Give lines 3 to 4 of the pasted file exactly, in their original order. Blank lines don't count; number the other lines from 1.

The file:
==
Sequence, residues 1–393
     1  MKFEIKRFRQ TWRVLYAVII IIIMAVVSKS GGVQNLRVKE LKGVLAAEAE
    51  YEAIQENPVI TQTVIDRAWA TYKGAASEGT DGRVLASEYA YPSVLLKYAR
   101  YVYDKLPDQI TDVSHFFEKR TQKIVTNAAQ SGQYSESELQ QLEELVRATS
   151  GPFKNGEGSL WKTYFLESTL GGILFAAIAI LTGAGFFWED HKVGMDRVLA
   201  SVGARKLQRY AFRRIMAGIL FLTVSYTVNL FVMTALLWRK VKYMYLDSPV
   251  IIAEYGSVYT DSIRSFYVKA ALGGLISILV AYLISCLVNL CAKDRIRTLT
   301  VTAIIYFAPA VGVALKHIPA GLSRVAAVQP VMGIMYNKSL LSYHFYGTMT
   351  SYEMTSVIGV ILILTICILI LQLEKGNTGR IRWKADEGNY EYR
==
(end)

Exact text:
    51  YEAIQENPVI TQTVIDRAWA TYKGAASEGT DGRVLASEYA YPSVLLKYAR
   101  YVYDKLPDQI TDVSHFFEKR TQKIVTNAAQ SGQYSESELQ QLEELVRATS